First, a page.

Mast radiator type of radio antenna

A mast radiator is a radio mast or tower in which the entire structure functions as an antenna. This design, first used in radiotelegraphy stations in the early 1900s, is commonly used for transmitting antennas operating at low frequencies, in the VLF, LF and MF ranges, in particular those used for AM broadcasting. The metal mast is electrically connected to the transmitter. Its base is usually mounted on a nonconductive support to insulate it from the ground. A mast radiator is a form of monopole antenna.

AM broadcasting radio broadcasting using amplitude modulation

AM broadcasting is a radio broadcasting technology, which employs amplitude modulation (AM) transmissions. It was the first method developed for making audio radio transmissions, and is still used worldwide, primarily for medium wave transmissions, but also on the longwave and shortwave radio bands.

A common design for a counterpoise is a series of radial wires suspended a few feet above the ground, extending from the base of the antenna in all directions in a "star" pattern, connected at the centre. [2] The counterpoise functions as one plate of a large capacitor, with the conductive layers in the earth as the other plate. [2] Since the radio frequency alternating currents from the transmitter can pass through a capacitor, the counterpoise functions as a low-resistance ground connection. There should not be any closed loops in the wires of a counterpoise system, as the strong fields of the antenna will induce circular currents in it which will dissipate transmitter power.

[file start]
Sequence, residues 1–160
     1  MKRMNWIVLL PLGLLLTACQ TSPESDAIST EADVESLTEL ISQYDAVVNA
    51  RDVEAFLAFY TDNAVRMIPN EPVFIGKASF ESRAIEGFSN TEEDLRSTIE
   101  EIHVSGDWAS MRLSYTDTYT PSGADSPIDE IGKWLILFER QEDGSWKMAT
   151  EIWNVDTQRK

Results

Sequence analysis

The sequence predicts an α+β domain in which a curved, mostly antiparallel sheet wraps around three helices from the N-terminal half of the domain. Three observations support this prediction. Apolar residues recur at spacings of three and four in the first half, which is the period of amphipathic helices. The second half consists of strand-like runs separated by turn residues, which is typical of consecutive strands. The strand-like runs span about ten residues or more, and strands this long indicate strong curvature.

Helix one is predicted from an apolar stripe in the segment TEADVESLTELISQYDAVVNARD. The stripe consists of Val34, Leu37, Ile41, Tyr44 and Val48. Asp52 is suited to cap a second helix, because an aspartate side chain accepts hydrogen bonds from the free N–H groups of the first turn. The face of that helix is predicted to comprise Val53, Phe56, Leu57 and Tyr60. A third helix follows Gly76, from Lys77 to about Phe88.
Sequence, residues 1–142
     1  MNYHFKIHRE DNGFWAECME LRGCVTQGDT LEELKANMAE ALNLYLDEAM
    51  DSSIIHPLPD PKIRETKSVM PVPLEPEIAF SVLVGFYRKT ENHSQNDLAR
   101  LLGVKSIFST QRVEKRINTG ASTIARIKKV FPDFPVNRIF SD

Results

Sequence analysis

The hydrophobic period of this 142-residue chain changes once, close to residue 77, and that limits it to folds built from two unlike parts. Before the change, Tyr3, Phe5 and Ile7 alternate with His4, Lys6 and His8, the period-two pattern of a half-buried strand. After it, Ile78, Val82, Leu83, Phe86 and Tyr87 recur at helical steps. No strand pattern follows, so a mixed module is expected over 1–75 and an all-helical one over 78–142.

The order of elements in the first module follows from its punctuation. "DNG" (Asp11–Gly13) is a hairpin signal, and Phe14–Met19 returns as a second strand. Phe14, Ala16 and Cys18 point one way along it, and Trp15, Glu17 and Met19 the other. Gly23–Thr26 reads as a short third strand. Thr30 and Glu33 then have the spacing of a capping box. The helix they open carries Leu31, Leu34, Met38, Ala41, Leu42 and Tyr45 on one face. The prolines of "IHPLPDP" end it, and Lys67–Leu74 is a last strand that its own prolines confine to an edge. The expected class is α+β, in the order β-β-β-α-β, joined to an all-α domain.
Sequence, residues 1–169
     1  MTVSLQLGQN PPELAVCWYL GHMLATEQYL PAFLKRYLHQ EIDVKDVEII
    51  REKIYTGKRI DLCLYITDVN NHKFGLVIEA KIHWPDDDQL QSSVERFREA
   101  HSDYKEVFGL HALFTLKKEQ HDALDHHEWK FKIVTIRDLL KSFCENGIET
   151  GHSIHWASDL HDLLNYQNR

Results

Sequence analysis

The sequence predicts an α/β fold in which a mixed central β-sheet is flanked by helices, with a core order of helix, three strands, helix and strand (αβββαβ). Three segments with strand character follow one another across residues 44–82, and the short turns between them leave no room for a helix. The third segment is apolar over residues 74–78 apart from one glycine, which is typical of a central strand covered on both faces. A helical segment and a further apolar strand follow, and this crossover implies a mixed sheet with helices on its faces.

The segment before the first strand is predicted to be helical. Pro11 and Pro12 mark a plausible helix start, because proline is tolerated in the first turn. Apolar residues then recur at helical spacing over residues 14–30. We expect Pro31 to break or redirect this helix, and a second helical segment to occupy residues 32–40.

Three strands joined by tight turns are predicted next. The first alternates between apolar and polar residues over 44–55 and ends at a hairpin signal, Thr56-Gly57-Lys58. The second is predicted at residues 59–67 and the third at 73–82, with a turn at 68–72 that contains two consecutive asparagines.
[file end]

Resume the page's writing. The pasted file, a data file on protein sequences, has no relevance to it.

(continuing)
Capacitor electrical component used to store energy for a short period of time

A capacitor is a passive two-terminal electronic component that stores electrical energy in an electric field. The effect of a capacitor is known as capacitance. While some capacitance exists between any two electrical conductors in proximity in a circuit, a capacitor is a component designed to add capacitance to a circuit. The capacitor was originally known as a condenser or condensator. The original name is still widely used in many languages, but not commonly in English.

Radio frequency (RF) is the oscillation rate of an alternating electric current or voltage or of a magnetic, electric or electromagnetic field or mechanical system in the frequency range from around twenty thousand times per second to around three hundred billion times per second. This is roughly between the upper limit of audio frequencies and the lower limit of infrared frequencies; these are the frequencies at which energy from an oscillating current can radiate off a conductor into space as radio waves. Different sources specify different upper and lower bounds for the frequency range.

Alternating current electric voltage which periodically reverses direction; form in which electric power is delivered to businesses and residences; form of electrical energy that consumers typically use when they plug electric appliances into a wall socket